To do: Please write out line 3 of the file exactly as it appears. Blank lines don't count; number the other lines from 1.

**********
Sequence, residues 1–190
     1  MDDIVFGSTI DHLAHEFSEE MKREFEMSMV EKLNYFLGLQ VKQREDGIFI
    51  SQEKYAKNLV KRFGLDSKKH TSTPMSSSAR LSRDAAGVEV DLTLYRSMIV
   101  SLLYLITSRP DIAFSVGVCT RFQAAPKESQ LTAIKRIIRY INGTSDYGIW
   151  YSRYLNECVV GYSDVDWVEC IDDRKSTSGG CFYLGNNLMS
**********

    51  SQEKYAKNLV KRFGLDSKKH TSTPMSSSAR LSRDAAGVEV DLTLYRSMIV